Our next Secretary ought to be somebody committed to working diligently to protect Washingtonians’ rights, including the right to participate in free and fair elections. The hornet’s nest that Donald Trump maliciously kicked after voting ended in last year’s presidential election will need to be addressed and faced head on by Wyman’s successor, along with a bevy of other threats. There is no going back to the good old days when election security was not a burning topic.
To her credit, Kim Wyman did not respond to the events of the last year by keeping a low profile and hoping the storm would simply blow over. She spoke out and stood up. She has rightly been praised for opposing extremely damaging Republican efforts to undermine the integrity of our elections here and elsewhere.
In her next job with the Cybersecurity and Infrastructure Security Agency (CISA), she’ll be working with elected officials across the country to help them prepare for the midterms at a time when their lives are being regularly threatened.
Her successor needs to build on what she’s done, not keep a seat warm.
Washington deserves a Secretary of State who will be a visible leader as opposed to a passive manager… someone who will fiercely champion voting rights, secure resources to better protect the data in our state’s care, support the needs of businesses and nonprofits, and properly safeguard our state’s history.
Here are the essential qualities and policy positions our team believes Governor Inslee ought to look for in Washington’s next Secretary of State. You’ll notice that “prickly centrist” is not among them. Our checklist consists of ideas and qualifications; it isn’t based on ideology, partisan identity, or tribalism.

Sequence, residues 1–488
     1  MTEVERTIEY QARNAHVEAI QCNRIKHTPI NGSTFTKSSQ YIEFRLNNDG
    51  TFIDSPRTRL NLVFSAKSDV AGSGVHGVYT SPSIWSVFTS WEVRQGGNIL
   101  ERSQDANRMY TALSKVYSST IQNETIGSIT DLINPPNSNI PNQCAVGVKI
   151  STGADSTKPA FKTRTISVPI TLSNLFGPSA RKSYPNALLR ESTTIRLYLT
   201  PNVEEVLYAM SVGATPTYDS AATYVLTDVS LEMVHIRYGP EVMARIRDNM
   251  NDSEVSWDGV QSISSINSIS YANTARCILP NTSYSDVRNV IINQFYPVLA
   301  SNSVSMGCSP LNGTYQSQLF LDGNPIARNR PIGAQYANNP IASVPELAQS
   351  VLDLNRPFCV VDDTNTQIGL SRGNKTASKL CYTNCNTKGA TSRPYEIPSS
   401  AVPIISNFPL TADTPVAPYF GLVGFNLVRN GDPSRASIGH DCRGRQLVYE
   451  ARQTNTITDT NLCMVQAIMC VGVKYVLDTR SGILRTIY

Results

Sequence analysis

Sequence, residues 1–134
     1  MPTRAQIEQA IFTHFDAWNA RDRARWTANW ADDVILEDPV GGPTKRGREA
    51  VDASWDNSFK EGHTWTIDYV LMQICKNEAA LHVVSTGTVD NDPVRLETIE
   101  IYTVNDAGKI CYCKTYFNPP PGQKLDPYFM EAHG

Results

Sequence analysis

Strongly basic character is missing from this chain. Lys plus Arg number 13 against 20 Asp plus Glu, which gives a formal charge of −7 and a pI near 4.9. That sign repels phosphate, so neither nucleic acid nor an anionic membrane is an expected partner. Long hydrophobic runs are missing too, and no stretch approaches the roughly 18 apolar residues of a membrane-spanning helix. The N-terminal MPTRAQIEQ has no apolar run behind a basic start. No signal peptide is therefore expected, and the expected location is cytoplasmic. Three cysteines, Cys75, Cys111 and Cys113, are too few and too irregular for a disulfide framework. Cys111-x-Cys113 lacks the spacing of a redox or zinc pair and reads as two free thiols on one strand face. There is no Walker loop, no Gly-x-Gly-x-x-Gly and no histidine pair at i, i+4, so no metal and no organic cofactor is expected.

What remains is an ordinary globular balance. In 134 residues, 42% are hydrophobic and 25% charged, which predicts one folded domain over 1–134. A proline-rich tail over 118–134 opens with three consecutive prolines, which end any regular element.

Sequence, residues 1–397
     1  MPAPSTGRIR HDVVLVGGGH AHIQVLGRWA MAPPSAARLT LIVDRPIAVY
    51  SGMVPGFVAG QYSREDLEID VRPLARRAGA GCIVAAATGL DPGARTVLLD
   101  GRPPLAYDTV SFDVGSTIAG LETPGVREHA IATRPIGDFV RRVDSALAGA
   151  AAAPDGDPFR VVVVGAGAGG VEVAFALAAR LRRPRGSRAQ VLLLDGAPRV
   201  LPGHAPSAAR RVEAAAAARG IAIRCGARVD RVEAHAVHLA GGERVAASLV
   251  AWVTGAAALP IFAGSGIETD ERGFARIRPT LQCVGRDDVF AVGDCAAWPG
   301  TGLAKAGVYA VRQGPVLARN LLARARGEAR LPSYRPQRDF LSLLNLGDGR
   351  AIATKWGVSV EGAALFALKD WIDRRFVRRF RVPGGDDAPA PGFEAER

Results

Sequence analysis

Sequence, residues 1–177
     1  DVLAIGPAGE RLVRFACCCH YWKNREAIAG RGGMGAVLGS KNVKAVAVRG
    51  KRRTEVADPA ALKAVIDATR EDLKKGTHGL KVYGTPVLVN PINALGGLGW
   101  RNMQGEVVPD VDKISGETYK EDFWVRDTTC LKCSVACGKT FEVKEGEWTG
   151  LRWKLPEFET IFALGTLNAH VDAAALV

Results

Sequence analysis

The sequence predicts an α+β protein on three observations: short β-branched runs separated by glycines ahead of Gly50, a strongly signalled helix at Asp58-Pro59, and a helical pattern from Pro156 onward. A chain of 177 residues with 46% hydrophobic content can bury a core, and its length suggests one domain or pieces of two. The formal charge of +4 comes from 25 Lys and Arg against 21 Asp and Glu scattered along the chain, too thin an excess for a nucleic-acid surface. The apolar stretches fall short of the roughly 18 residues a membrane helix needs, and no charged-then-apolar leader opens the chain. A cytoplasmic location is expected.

A willingness to be a vocal advocate for voters and voting
Our next Secretary of State must be a person fully invested in democracy’s survival. Fortunately, the position of Secretary of State is a partisan position, and its holder doesn’t have to worry about being “nonpartisan.” So let’s get a true partisan for democracy in the job — someone who is not afraid of tough, grueling, brutal political conflict. Washington’s next Secretary of State should be a leader who is willing and able to be a loud advocate for voters and the right to vote, pushing back hard on proposed legislation or other schemes that would infringe upon people’s right to vote or make it harder to vote.
Washington’s next Secretary of State should have cybersecurity experience, and ideally, specific experience in working on cybsersecurity policy. The Secretary themselves won’t be implementing any code to secure our voter rolls or databases of corporate and charitable registrants, but they will be making budget requests to state legislators and applying for federal dollars to obtain resources to keep our data secure, and prescribe best practices for use at the state and local levels.
A good listener and communicator
Washington’s next Secretary of State should be a person with good listening skills, someone who is capable of fostering a constructive dialogue with Washington’s thirty-nine county auditors and elections directors as well as state legislators, the governor’s office, federal officials, political parties, and other stakeholders. The state’s political parties, in particular, deserve a constructive partner when preparing for presidential nominating events. In times of crisis, good communication is essential, as essential as clean air is to one’s ability to breathe.
An ability to thoughtfully scrutinize vendors and contracts